As a past business owner in Portland, I can tell anyone that it's less money to operate in Washington or Clackamas Counties. And much less if you have a business outside of the Portland Metro area. In addition to a business tax, Portland has a Business Property Tax as well as a TriMet tax. And god forbid you fail to pay them on time, as the fines and late payment fees are high to say the least.
And the Multnomah County Tax Collection office has to be the most hostile place I've ever done business. You conduct all transactions through a bulletproof glass window.

Gil: The City Club studied the business environment in Portland 3 or 4 years ago and found that property taxes and water and sewer rates were all higher in Multnomah County than in Washington, Clackamas, or Clark County. The study also found that job growth in Multnomah County was lower than in the other three counties.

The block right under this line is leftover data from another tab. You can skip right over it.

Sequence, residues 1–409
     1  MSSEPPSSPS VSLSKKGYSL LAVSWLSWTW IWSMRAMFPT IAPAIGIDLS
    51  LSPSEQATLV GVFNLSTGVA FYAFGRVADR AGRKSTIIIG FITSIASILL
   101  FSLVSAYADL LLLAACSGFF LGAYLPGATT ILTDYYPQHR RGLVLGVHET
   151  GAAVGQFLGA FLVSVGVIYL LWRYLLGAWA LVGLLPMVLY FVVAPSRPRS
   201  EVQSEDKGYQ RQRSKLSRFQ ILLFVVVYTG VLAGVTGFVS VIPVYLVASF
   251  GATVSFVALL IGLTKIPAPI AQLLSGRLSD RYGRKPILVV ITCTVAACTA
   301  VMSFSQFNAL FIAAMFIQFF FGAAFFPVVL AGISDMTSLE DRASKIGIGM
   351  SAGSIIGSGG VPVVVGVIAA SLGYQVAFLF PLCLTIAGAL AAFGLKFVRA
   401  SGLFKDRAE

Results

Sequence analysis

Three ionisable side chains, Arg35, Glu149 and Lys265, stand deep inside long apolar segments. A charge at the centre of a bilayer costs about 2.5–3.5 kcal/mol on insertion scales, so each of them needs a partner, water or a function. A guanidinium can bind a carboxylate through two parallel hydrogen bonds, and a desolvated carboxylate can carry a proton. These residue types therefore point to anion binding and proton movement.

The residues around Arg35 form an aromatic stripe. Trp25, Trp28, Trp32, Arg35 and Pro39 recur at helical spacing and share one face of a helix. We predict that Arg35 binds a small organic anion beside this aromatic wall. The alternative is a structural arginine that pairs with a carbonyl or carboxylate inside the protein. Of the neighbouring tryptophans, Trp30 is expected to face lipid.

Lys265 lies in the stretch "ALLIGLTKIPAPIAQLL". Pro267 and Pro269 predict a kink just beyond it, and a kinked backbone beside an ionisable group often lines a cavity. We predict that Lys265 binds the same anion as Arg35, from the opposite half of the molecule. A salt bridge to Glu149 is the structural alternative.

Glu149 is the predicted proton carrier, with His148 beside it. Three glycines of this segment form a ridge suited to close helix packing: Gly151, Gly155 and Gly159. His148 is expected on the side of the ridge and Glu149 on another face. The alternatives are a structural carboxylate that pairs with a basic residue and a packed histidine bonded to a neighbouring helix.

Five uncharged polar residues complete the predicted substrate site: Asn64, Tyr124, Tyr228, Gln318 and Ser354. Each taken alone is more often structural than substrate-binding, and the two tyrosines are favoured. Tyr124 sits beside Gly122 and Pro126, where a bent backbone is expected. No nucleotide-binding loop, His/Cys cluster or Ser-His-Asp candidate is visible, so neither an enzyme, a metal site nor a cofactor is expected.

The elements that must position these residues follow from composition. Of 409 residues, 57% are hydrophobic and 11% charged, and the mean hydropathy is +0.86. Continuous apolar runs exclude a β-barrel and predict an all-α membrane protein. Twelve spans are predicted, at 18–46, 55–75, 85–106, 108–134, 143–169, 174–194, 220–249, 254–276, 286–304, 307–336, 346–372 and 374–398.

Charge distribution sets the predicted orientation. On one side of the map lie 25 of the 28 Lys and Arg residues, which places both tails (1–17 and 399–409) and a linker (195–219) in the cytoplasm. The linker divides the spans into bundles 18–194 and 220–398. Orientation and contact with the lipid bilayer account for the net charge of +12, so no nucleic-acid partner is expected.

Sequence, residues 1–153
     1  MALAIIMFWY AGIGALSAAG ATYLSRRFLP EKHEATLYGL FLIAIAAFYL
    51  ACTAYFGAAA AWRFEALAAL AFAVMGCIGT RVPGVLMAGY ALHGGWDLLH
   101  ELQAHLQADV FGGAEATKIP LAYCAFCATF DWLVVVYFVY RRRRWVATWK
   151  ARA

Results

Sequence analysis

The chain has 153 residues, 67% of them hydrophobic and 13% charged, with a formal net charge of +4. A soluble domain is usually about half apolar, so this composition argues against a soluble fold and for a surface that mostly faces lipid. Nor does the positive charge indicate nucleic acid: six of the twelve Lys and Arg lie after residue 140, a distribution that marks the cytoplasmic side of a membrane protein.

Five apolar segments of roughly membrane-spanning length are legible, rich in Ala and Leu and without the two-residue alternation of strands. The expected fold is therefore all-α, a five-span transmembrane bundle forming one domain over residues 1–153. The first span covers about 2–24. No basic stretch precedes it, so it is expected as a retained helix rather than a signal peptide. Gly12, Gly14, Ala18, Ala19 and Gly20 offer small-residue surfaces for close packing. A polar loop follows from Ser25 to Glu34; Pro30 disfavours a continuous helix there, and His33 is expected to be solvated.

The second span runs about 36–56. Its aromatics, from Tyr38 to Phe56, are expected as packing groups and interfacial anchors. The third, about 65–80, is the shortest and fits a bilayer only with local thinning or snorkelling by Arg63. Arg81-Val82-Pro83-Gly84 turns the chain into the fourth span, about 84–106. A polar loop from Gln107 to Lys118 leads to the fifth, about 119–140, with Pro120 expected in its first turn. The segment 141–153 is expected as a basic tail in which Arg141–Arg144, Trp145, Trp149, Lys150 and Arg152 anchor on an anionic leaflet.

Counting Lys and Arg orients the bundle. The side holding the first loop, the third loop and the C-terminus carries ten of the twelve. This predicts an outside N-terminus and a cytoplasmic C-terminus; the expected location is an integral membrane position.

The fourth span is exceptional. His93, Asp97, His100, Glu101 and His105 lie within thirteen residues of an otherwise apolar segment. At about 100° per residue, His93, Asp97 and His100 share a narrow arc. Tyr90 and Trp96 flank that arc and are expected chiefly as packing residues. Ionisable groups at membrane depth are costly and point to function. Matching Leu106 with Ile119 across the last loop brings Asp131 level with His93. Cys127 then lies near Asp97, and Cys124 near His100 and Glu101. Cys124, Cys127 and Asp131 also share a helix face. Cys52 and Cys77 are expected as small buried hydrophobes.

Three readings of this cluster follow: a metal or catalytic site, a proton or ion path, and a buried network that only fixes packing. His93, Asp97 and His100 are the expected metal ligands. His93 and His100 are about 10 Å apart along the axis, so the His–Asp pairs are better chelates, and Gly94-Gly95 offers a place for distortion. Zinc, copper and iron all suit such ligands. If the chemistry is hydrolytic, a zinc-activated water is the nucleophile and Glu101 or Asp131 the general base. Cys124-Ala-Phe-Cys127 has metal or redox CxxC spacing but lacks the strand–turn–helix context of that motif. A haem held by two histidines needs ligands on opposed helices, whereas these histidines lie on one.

Lacey has been on an aggressive road building and sidewalk improvement program. They also have plenty of public parks and bike lanes. It's a lovely suburb of Olympia, and likely benefits from being home to many Capitol insiders.

Manufacturing, smafacturing. Who needs good old fashioned jobs where you actually show up at work and DO something? We need more jobs where 20-somethings show up around 10, 11 or so...drink a bunch of coffee, talk about great worldly projects, go on a two hour lunch, followed by some pool, then maybe attend a meeting or two, then at 4:00 go off to a bar until 10:00 or 11:00.

Sheesh, what are you thinking...actually showing up at 7:30 AM and know, something. Like, whatever, that's totally my parents way of thinking. Excuse me, I gotta go on Facebook and post that my company just got a bunch of money for coming up with this cool new idea of software that will revolutionize the social fabric of the Internet.